Guildford Four man 'faced police hate': Officers reduced Paul Hill 'to a wreck', appeal court told
Belfast-born David McKittrick has been reporting on Northern Ireland since 1971, He has written for the East Antrim Times, the Irish Times and was The Independent's Irish correspondent for many years. He is the author of several books including Making Sense of the Troubles (2000) and Lost Lives (1999).
Thursday 24 February 1994
Outlining Hill's appeal against conviction for the murder of Brian Shaw, a former soldier, Lord Gifford QC, said Hill had been arrested on 28 November 1974 and taken to Guildford police station. What happened during the next 24 hours continued to be the subject of bitter dispute.
Hill had testified in two trials that he was subjected to assaults, threats, acts of intimidation and deprivation of food and sleep. By the afternoon of 29 November he had been reduced to 'such a wreck' that he was ready to agree to any suggestions or allegations put to him by police officers.
He had made allegations against detectives from Surrey police who had questioned him, and uniformed officers who had been responsible for his custody in the cells. There had been 'an atmosphere of hate and a culture of indiscipline' in the station, he said. However, the police had testified that nothing improper was done by any of them.
On the afternoon of 29 November, he was interviewed in his cell by two detectives from the Royal Ulster Constabulary and afterwards made a detailed written statement of a full confession to the Shaw murder.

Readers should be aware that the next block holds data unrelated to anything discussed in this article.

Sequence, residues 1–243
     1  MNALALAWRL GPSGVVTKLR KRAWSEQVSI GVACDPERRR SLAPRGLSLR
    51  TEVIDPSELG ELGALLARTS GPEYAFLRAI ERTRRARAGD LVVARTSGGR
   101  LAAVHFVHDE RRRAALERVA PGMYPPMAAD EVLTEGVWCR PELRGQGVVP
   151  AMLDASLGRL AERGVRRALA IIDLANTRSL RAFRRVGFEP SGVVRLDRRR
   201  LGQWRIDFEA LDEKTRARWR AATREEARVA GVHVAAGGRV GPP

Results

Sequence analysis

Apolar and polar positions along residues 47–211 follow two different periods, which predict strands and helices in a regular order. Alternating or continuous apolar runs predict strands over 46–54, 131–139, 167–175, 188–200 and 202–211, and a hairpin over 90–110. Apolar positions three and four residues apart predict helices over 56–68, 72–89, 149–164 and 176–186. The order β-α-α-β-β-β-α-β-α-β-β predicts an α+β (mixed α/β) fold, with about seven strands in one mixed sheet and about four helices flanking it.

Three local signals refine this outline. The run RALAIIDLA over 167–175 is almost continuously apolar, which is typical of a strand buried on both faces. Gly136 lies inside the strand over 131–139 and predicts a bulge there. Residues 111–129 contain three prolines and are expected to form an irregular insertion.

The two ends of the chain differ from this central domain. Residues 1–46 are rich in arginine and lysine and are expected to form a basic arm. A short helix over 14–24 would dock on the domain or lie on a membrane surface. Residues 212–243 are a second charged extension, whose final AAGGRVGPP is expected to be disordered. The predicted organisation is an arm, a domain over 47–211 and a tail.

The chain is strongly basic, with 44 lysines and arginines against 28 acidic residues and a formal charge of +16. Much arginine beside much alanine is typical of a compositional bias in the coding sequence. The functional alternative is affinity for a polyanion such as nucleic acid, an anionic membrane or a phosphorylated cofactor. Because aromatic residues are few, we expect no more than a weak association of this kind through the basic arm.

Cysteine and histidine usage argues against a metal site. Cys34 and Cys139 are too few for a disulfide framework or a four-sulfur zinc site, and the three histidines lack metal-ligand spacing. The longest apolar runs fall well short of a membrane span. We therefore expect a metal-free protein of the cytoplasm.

Lord Gifford said Hill did not make any direct allegations of assault or threat or intimidation against the RUC officers. His case was that he was agreeing to details of the crime which were being put to him in leading questions, and accepting the truth of allegations made against him.
The interview with the RUC lasted one-and-a-half hours. He was then interviewed by Surrey detectives and, according to them, made admissions about involvement in the Guildford pub bombing of October 1974. He later implicated himself in the Woolwich pub bombing a month later.
At the Guildford Four trial a number of interviews were said to have been recorded by an officer taking a contemporaneous note. But in most of these cases they could now establish the overwhelming probability that the version put forward at the trial by interviewing officers was in fact a false version made up at a later stage in order to mislead the court.
Lord Gifford said only 3 out of 13 Surrey officers 'escape unscathed' after an investigation by Avon and Somerset Police into the conduct of the case. There was evidence that 10 were guilty of, or party to, serious impropriety.
He would be submitting that the effect of that extent of malpractice, running through so many officers involved in the same investigation, must lead the court to conclude that the integrity of the English officers was now undermined. If 10 out of 13 officers were shown to be guilty of offences, one could not automatically say their impropriety had an effect on the remaining 3, but this issue had to be examined.
Lord Gifford said it had to be underlined that the prosecution evidence in the Shaw case consisted entirely of the statements Hill had signed, and no other evidence was before the court.
The hearing continues.
Trial leads to error, page 20
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